Much work on international relations begins at the close of the fifteenth century. This reflects the classic division between medieval and modern history in Western historiography and its attribution to this period. In part, this was a consequence of the attitudes and ideas associated with the Renaissance, but more specifically the attribution is a result of the outbreak of the Italian Wars (1494-1559) with Charles VIII of France’s initially successful invasion of Italy.1 This is a long-standing argument. Writing in 1769, the influential historian William Robertson linked the changing state system he discerned in this period to internal development in the European states, and, crucially, saw the first in terms of new ideas:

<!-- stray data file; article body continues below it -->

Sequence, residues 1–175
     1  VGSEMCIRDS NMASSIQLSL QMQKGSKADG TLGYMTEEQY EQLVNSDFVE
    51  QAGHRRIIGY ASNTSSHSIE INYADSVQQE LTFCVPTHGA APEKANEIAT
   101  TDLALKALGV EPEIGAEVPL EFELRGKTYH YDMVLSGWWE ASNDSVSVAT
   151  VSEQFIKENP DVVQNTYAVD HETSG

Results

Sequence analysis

during the course of the fifteenth century, various events happened, which, by giving Princes more entire command of the force in their respective dominions, rendered their operations more vigorous and extensive. In consequence of this, the affairs of different kingdoms becoming more frequently as well as more intimately connected, they were gradually accustomed to act in concert and confederacy, and were insensibly prepared for forming a system of policy, in order to establish or to preserve such a balance of power as was most consistent with the general security. It was during the reign of Charles the fifth [Holy Roman Emperor, 1519-56], that the ideas, on which this system is founded, first came to be fully understood. It was then, that the maxims by which it has been uniformly maintained since that aera were universally adopted.2